Healthcare as the basis for a life in dignity

  • Aminou Aboubakar and his mother in the health centre in Tokombéré. The two- year old boy was diagnosed with severe acute malnutrition and was suffering from diarrhoea. He received ready to use therapeutic food and recovered competely.

    Photo: Aktion gegen den Hunger/Sebastien Pagani

Aminou Aboubakar (1) is two years old. He and his parents are from a small village in the north of Cameroon. The north of Cameroon is barren and there is very little water which is frequently dirty or strongly polluted. Like many other children, Aminou became ill, suffering from diarrhoea and severe fever. He did not want to eat any more and lost an enormous amount of weight. At the same time, his small body became bloated, a visible sign of malnutrition. Local health care workers were alarmed and they diagnosed Aminou with severe acute malnutrition.

This is the most dangerous form of malnutrition. If left untreated, it can rapidly lead to death. If malnutrition continues for a long period of time, the lasting consequences will affect a child’s physical and mental development as learning process becomes more difficult for them and they become more vulnerable to diseases. These consequences are irreversible. It is therefore all the more important to start a quick treatment urgently. Aminou was transferred to Tokombéré Nutrition Centre where Action Against Hunger supports the local helpers with training. We also provide the nutritional centre with ready to use therapeutic food.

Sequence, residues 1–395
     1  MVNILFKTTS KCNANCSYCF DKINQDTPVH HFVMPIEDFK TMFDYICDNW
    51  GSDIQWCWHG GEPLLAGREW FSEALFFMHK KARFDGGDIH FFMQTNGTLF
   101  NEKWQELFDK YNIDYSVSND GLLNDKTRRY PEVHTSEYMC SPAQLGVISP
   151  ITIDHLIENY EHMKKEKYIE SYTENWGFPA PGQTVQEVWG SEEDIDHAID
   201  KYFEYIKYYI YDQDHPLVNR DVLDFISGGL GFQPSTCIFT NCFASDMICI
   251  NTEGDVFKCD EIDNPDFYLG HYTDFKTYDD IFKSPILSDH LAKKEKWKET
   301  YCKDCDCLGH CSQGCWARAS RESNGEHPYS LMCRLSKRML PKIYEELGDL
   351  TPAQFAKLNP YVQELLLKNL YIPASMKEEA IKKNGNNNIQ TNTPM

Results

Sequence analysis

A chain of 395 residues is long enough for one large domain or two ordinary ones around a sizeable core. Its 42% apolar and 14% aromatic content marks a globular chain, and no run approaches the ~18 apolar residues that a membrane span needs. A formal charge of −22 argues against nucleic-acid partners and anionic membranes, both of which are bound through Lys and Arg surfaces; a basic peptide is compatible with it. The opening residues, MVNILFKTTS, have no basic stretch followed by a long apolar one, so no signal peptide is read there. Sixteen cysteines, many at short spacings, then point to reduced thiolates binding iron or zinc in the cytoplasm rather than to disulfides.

Aminou stayed in the hospital for two weeks where he received therapeutic food and medicines and recovered soon after and began to eat again. For his parents, the therapy was a complete success. Aminou’s father did not expect this at first. “Many people had been laid off when they arrived in the center. There was neither enough medicine for all the sick nor was the center adequately equipped. This has changed and thanks to Action Against Hunger, we can bring our sick children here at any time. For emergencies, there is even an ambulance that picks you up at your home and bring you here. ”

Meanwhile, Aminou and his family were able to return home. There, experts regularly visit him and he uses the therapeutic food. The family feels very well cared for. “While Aminou was being treated in the hospital, I was able to be with him all the time and take care of him. I got food and my son received free treatment”, says the little boy’s mother. “We were even brought home by car. I will share this experience with other women to show the importance of bringing the children to the hospital when they are sick.” In the past, all of this would have been unimaginable. The family hopes that the international assistance will continue to exist in the future for their community: “We are incredibly happy that Aminou regained his health. We would like to thank Action Against Hunger for everything they have done for our community. “

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(1)Name has been changed.